Over the last year, Washington Post journalism met our readers in their time of need, providing powerful and sophisticated journalism that helps them understand the complexity of our world. We offered that work in a variety of story forms, on a variety of platforms, responding swiftly from newsrooms in Washington, London and Seoul as news broke around the world.
Just hours after publishing a nine-part series investigating the impact of the AR-15, three children and three adults were gunned down inside an elementary school in Nashville. Readers trying to make sense of the latest tragedy found our work, and it resonated. “The Blast Effect” shows through gripping and detailed 3D illustrations the catastrophic damage bullets fired by AR-15s cause inside human bodies, including two children, 6 and 15 — their bodies shredded by high-velocity rounds. “I am an AR-15 owner. This story was moving and convincing,” one reader commented. “You won me over. Facts beat rhetoric and criticism of those you disagree with.”
We invested in the most pressing stories, investigating every angle and using innovative approaches to hold the powerful to account. “Cartel Rx: Fentanyl’s Deadly Surge” a year-long effort into how and why fentanyl is ravaging America, combines evocative writing, unflinching photo and videojournalism, rigorous data research and compelling graphics and design to hold accountable two national governments, four U.S. administrations and multiple federal agencies. “3D analysis shows how Israeli troops fired into group of civilians” is a reconstruction of what soldiers saw when they fired 14 shots, in four seconds, that left two dead and three injured in the occupied West Bank city of Nablus. “Black Out,” a series anchored by first-of-its-kind data analysis, shoe-leather reporting and compelling multimedia storytelling, sheds light on discrimination faced by Black leaders in an American cultural powerhouse: the NFL.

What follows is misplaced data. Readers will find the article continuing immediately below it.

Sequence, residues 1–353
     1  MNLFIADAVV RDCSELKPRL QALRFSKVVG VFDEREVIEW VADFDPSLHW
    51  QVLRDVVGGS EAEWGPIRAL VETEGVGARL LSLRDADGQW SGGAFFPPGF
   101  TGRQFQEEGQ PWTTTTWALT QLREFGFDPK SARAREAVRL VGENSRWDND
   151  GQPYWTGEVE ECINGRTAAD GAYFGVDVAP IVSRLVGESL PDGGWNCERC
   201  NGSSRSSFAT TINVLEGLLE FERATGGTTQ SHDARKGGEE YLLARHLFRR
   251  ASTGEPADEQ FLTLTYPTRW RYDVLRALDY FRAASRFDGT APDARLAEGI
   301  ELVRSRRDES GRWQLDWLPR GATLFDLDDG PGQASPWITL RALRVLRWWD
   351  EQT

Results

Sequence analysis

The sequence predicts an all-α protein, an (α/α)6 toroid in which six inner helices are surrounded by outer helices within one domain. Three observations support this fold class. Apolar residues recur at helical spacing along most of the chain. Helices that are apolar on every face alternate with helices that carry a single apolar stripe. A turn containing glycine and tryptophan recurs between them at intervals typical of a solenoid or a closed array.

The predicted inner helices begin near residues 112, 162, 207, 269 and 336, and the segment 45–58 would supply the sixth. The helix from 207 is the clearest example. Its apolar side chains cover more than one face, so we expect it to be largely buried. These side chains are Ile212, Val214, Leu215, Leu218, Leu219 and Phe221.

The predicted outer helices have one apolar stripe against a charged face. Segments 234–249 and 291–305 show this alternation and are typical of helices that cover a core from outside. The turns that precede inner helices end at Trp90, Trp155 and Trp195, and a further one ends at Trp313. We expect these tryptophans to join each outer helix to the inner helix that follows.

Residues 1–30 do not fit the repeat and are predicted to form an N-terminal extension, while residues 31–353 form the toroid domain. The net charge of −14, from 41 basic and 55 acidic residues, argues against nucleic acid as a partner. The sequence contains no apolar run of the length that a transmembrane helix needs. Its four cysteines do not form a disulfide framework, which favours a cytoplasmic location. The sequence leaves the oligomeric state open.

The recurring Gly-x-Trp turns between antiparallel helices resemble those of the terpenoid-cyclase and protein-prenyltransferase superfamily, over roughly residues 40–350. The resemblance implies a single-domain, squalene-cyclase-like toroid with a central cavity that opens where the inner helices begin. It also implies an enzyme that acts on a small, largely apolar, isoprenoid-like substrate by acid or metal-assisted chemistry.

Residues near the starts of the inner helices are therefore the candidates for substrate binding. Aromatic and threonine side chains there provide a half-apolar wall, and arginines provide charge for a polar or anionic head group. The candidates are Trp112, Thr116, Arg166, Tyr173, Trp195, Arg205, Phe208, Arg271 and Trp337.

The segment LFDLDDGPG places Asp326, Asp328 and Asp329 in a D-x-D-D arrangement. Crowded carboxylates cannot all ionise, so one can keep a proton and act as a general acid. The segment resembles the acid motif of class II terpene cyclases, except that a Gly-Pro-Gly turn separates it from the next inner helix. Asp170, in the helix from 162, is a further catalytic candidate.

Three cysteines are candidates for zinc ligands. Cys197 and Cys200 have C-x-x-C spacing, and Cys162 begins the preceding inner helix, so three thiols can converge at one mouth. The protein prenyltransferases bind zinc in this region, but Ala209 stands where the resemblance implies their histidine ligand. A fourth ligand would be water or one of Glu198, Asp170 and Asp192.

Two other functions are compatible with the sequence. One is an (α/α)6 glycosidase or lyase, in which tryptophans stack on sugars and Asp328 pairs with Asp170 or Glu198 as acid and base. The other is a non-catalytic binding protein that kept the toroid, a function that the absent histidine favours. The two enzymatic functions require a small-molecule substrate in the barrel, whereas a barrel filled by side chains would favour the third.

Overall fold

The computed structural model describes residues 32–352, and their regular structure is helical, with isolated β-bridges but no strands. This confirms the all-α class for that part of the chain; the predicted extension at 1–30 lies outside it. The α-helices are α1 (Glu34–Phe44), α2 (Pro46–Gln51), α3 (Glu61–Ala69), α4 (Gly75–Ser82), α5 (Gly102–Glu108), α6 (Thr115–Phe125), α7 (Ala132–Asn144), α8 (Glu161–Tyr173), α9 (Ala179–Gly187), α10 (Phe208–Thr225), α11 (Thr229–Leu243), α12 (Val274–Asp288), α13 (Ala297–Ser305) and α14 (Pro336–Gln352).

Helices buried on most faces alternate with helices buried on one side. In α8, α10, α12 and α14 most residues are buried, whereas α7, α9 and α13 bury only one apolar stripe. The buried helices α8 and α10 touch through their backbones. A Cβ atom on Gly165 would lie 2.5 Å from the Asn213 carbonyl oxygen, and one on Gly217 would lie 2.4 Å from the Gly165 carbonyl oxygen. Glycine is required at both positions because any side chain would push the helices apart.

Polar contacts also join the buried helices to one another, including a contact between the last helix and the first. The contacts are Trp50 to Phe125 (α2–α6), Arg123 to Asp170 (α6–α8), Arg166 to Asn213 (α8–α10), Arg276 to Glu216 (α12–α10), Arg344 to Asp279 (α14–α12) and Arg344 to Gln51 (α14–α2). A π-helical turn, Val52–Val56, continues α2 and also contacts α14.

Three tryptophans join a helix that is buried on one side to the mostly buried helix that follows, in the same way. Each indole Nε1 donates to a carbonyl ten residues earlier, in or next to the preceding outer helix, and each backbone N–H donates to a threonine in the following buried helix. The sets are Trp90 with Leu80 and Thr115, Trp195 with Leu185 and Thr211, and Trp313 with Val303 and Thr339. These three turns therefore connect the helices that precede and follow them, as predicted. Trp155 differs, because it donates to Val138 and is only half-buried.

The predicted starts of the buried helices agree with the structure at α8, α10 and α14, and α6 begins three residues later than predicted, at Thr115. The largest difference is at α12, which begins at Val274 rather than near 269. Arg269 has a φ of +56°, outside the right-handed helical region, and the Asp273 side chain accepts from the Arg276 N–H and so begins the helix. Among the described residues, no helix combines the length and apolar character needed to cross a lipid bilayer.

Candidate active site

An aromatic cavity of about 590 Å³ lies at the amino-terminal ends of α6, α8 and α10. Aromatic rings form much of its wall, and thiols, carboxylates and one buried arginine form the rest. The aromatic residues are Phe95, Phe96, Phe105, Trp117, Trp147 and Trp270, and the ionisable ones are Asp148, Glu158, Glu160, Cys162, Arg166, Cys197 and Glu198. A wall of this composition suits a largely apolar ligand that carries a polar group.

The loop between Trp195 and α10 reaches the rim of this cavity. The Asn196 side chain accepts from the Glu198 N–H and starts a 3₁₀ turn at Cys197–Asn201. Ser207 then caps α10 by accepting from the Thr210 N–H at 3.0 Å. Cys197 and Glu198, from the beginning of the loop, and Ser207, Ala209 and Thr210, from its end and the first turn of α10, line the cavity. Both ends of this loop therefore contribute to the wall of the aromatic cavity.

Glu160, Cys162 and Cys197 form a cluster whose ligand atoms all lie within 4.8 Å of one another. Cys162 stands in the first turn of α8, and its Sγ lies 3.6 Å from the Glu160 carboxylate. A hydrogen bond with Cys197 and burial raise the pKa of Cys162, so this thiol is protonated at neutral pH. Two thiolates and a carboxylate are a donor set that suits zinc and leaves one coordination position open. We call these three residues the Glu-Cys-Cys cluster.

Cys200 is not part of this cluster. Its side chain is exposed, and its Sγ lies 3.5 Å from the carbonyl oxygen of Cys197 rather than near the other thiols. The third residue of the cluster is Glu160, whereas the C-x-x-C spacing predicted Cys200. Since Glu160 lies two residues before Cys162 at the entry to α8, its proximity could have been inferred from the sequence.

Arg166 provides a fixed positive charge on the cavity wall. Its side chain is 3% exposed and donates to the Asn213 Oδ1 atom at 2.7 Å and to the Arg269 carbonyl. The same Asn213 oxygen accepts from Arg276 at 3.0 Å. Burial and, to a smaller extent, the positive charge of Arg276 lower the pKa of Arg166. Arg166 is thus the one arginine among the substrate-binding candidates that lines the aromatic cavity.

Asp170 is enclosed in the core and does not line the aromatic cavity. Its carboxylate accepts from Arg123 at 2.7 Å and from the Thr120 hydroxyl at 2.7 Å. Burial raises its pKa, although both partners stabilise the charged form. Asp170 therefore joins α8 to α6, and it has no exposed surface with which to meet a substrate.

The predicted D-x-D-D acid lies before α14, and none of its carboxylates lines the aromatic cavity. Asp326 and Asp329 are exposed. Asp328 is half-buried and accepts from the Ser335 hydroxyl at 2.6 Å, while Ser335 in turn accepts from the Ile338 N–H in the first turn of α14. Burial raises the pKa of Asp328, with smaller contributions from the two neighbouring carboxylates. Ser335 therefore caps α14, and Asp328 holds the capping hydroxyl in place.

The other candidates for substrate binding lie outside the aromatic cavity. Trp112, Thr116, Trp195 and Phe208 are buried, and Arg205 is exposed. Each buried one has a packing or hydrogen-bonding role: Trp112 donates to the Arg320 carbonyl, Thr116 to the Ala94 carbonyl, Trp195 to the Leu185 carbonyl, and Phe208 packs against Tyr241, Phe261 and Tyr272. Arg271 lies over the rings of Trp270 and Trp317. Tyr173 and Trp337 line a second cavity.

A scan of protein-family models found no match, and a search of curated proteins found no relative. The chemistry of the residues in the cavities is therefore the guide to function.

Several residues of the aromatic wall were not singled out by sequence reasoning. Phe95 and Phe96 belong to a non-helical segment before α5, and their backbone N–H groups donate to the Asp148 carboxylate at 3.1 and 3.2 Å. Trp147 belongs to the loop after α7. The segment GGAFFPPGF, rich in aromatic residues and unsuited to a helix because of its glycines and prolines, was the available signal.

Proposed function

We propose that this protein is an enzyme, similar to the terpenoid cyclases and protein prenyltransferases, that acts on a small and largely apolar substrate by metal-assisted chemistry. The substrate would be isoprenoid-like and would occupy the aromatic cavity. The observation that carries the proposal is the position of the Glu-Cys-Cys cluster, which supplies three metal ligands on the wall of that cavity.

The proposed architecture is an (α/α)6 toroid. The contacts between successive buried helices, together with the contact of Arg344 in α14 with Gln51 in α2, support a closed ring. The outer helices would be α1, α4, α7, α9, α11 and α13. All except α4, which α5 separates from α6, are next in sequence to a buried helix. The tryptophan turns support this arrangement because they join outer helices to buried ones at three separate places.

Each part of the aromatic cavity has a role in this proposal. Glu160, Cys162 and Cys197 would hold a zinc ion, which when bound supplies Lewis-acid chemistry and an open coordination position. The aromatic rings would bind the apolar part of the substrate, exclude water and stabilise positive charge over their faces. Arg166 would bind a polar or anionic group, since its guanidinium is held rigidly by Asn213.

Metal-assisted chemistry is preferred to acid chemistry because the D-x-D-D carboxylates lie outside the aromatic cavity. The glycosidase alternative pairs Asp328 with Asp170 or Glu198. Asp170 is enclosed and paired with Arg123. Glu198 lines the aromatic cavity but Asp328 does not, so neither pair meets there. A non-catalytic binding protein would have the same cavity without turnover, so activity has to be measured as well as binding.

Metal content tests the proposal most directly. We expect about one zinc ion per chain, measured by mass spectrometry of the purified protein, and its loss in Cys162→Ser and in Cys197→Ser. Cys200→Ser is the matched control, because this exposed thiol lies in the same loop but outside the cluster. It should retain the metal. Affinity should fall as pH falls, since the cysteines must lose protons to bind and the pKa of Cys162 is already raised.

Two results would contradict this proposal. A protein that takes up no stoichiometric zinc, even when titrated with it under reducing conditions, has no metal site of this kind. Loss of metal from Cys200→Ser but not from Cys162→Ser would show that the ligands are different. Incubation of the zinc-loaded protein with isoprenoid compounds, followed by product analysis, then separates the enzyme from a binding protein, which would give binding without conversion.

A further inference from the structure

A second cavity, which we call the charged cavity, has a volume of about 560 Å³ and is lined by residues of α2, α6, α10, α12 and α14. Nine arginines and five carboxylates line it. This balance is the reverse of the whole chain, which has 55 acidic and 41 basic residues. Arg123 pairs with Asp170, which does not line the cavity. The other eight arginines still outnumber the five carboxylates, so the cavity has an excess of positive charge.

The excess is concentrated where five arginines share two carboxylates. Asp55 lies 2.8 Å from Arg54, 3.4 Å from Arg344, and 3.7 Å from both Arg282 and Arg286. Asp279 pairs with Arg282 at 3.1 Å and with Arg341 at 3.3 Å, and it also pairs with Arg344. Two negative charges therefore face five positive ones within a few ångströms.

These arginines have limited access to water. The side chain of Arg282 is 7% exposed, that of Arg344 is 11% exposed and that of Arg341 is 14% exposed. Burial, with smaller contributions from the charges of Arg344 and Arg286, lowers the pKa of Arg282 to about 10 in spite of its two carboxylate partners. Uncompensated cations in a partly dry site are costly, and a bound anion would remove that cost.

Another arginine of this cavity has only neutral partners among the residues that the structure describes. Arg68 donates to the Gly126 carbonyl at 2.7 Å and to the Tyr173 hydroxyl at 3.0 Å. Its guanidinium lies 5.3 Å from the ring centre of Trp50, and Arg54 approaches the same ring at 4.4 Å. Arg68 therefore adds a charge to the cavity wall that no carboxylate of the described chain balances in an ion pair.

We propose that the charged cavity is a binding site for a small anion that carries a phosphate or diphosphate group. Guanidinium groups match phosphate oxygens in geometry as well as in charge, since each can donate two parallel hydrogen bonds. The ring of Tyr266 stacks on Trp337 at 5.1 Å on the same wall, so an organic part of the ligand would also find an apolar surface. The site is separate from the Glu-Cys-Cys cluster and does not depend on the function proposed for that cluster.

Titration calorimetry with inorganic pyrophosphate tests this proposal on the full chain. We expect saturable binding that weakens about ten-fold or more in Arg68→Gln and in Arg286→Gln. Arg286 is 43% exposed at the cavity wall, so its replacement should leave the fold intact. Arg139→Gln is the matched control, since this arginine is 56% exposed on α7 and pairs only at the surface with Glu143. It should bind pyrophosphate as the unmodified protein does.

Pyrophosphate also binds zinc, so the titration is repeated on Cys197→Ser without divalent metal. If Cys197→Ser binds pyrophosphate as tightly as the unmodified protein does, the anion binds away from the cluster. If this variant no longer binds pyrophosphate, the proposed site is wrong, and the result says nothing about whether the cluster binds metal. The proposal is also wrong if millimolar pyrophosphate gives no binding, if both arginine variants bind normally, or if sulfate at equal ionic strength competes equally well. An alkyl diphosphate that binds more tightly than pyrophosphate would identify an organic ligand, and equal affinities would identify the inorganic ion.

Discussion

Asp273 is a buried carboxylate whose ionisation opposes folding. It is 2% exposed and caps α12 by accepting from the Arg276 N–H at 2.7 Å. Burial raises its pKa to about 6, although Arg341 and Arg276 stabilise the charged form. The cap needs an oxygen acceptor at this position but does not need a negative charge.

We continue to be a leader in covering climate and the environment. This year, we expanded our team and reimagined our coverage to be more visual and accessible through continued in-depth reporting, a climate coach newsletter, columns and interactive stories to capture the profound impact of a warming planet on its inhabitants, agriculture, water supply and flora and fauna. “America Underwater,” an interactive project that layers FEMA’s flood maps alongside residents’ experience of extreme flooding, reveals how the government’s mapping failed to warn Americans about their flood risk. “In a land of cold, the architecture is tested by heat,” a 3D visual narrative, explores the intersection of climate change and design though British architecture to show how centuries-old homes trap heat and cold, to dangerous effect.
Lastly, The Post picked up and finished what others could not. Not long after Jeff German—an investigative reporter at The Las Vegas Review-Journal—was found slain outside his home, Lizzie Johnson finished the story German had planned on taking on next. “An alleged $500 million Ponzi scheme that targeted Mormons and left hundreds of victims in its wake” is a gripping narrative of accountability that was published simultaneously by The Post and Review-Journal.
This entry’s 3D modelling, world-class storytelling and gorgeous animation impressed the judges, who felt that the work was incredibly powerful and the kind of journalism that challenges beliefs and could lead to cultural change.